Po­laris’ Amir Nashat pulls to­geth­er a $60M launch round to back the birth of a new biotech build­ing a drug de­vel­op­ment plat­form from scratch

Po­laris Part­ners man­ag­ing part­ner Amir Nashat has be­come a stu­dent of the role that bio­mol­e­c­u­lar con­den­sates play in shut­ting down or ac­ti­vat­ing pro­teins. And he’s con­vinced that he’s found a door that opens on a long path­way to a new drug plat­form.

So con­vinced that he’s gath­ered a glob­al syn­di­cate to­geth­er and pack­aged a $60 mil­lion launch round to back the 15 staffers at Dew­point Ther­a­peu­tics who have been as­sem­bled to start craft­ing a pipeline of new drugs from their work.

Richard Young

Nashat and his col­leagues know it’s ear­ly, but they’ve grown in­creas­ing­ly ex­cit­ed about the steady stream of pa­pers be­ing pub­lished on con­den­sates — or­ganelles in cells with­out mem­branes — and the role they play in dis­ease. Some of those pa­pers are from com­pa­ny founders who will now help guide Dew­point to the clin­ic, in­clud­ing the White­head In­sti­tute’s Richard Young and An­tho­ny Hy­man of the Max Planck In­sti­tute.

That sci­en­tif­ic team — backed by a promi­nent group of sci­en­tif­ic ad­vis­ers that in­cludes the ubiq­ui­tous Bob Langer at MIT — in turn helped bring in Po­laris’ syn­di­cate part­ners: Sam­sara Bio­Cap­i­tal, 6 Di­men­sions Cap­i­tal, EcoR1 Cap­i­tal, Alexan­dria Ven­ture In­vest­ments, and Leaps by Bay­er.

An­tho­ny Hy­man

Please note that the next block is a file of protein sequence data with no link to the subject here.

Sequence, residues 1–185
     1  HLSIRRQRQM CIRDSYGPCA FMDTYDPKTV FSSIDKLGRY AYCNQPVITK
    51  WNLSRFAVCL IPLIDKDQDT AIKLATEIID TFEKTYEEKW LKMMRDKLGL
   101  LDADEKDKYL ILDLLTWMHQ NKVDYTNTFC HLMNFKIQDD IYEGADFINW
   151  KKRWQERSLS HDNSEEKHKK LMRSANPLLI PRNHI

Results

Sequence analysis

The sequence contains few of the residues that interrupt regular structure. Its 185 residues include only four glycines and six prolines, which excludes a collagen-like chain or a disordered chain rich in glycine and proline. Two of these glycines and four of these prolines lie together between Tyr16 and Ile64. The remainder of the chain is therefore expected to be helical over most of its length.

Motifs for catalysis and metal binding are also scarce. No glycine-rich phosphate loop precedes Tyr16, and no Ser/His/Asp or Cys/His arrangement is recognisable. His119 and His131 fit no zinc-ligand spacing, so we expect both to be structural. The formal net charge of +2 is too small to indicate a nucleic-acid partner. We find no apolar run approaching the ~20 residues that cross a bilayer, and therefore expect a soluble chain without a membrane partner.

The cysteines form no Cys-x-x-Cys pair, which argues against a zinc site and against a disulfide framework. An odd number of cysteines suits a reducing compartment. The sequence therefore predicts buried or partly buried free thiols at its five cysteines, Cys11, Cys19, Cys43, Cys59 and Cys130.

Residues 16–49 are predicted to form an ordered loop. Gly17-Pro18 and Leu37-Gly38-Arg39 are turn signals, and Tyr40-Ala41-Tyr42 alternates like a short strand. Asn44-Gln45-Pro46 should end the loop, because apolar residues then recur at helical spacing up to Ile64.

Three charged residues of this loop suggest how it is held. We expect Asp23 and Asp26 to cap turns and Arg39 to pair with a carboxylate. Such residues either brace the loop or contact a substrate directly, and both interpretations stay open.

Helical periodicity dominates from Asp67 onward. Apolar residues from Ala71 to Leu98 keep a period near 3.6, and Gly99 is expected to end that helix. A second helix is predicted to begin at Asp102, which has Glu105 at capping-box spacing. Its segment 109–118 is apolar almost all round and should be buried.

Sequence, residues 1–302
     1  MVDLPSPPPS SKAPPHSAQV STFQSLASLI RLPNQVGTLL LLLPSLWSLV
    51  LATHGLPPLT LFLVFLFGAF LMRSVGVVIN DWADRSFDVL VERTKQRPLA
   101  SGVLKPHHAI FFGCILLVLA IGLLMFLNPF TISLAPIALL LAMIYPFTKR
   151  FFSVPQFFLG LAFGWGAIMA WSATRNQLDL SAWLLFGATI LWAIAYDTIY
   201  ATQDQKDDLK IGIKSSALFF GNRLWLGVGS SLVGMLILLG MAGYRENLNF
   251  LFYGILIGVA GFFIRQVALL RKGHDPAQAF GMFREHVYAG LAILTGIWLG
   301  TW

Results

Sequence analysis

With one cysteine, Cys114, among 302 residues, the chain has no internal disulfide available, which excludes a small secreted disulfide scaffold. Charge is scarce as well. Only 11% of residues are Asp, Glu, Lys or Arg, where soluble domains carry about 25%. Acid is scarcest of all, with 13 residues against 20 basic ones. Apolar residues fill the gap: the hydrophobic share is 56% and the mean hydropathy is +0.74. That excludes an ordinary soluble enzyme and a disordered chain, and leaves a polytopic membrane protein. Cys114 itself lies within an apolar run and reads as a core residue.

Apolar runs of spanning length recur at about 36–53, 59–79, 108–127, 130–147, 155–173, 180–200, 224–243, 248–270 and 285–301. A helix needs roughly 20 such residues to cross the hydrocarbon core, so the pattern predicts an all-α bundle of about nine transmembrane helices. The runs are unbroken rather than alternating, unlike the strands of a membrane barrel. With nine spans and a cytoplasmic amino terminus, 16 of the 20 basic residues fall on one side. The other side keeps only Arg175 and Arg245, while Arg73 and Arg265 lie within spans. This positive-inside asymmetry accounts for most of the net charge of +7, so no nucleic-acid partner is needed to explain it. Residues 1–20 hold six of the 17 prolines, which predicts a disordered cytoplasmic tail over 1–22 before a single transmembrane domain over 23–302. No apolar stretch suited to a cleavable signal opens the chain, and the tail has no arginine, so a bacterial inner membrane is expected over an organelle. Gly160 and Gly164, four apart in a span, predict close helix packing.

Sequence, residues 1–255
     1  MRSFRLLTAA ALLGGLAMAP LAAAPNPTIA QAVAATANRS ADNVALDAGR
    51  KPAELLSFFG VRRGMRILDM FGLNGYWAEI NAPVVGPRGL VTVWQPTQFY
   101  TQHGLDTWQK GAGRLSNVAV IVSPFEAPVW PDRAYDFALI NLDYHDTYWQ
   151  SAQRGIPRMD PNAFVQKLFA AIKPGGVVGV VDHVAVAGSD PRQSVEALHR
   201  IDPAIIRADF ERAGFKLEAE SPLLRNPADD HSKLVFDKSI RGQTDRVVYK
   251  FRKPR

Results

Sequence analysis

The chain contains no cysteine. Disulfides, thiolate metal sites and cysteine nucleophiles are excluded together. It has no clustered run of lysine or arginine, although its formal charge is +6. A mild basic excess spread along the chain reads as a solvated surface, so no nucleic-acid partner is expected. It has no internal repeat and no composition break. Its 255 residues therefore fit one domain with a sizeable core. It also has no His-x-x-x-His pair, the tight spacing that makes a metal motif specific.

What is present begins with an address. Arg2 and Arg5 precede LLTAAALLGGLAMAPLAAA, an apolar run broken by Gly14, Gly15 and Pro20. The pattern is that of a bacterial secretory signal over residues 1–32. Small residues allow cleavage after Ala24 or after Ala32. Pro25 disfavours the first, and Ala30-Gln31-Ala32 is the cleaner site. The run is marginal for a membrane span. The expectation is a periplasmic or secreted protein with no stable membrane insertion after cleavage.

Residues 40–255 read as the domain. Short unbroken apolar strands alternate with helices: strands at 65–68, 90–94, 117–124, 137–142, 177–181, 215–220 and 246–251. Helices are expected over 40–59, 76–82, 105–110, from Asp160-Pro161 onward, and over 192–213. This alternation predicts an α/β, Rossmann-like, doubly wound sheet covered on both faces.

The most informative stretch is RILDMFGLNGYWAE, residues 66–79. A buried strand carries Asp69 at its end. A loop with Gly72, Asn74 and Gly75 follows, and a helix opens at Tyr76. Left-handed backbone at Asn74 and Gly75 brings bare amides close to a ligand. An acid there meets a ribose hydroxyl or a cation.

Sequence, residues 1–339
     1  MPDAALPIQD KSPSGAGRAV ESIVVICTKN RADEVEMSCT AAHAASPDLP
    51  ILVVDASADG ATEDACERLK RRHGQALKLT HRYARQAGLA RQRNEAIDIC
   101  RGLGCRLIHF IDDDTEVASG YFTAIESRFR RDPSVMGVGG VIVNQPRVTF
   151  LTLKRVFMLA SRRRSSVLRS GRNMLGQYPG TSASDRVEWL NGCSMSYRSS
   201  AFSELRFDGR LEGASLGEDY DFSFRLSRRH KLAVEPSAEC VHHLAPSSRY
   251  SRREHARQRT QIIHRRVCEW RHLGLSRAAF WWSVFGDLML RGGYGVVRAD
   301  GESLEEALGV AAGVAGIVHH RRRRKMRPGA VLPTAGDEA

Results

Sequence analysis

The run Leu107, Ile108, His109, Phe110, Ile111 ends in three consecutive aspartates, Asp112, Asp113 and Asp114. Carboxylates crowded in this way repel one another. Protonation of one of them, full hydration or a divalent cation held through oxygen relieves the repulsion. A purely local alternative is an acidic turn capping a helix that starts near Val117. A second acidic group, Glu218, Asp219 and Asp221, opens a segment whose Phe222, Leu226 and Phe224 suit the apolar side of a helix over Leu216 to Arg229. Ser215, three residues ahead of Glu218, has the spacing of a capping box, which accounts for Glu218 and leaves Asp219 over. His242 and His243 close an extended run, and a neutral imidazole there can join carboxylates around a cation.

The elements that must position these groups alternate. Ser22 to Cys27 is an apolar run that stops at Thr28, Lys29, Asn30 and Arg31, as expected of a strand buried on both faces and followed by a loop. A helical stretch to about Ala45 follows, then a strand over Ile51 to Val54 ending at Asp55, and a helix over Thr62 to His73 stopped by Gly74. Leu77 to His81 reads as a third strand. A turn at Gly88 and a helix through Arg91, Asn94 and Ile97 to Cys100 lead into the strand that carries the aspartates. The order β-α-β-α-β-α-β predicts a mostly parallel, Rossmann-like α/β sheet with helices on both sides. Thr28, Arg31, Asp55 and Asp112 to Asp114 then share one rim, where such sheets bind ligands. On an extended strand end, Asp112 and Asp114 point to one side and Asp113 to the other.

“Neu­rode­gen­er­a­tion seems to be con­den­sates gone wrong,” says Nashat, who’s tak­en the CEO spot. And fo­cus­ing on mol­e­cules and reagents that can change the move­ment of a pro­tein in or out of con­den­sates looks like a promis­ing ap­proach to reg­u­lat­ing pro­tein be­hav­ior — stop­ping or en­hanc­ing the process as an av­enue to new drug de­vel­op­ment where all else has failed.

Adds Nashat: “It was a wide open can­vas.”

But not one that’s easy to paint just now. The Cam­bridge, MA-based Dew­point team, which will now dou­ble in size over the next year, doesn’t have a late-stage pre­clin­i­cal pro­gram it can shove in­to the clin­ic. The biotech is in­vest­ing in neu­rode­gen­er­a­tion, can­cer, car­dio­vas­cu­lar and oth­er ar­eas for a plat­form that could, even­tu­al­ly, have ex­ten­sive ap­pli­ca­tions. But asked about a time­line to proof-of-con­cept da­ta, Nashat frankly es­ti­mates that it will take 4-5 years to birth some hard hu­man da­ta. The mon­ey should get them through 3 years and a con­sid­er­able de-risk­ing ap­proach to their pre­clin­i­cal ef­forts

The CSO is Mark Mur­cko, an ex­pe­ri­enced and well known start­up play­er.

Mark Mur­cko

“When I think about new com­pa­nies a lot of it is about tim­ing; is it too soon or too late?” Mur­cko notes en­thu­si­as­ti­cal­ly in our in­ter­view. “Is there enough in­for­ma­tion avail­able to make you think you can take that and use it to­ward new drugs? Five years ago it was too ear­ly, too nascent.”

Now, Mur­cko adds, seems like a great time to give this a go.


Im­age: Amir Nashat. WMIF via YOUTUBE

Image courtesy of The Janssen Pharmaceutical Companies of Johnson & Johnson.

Pro­tect­ing the glob­al phar­ma­ceu­ti­cal in­no­va­tion ecosys­tem – what’s at stake?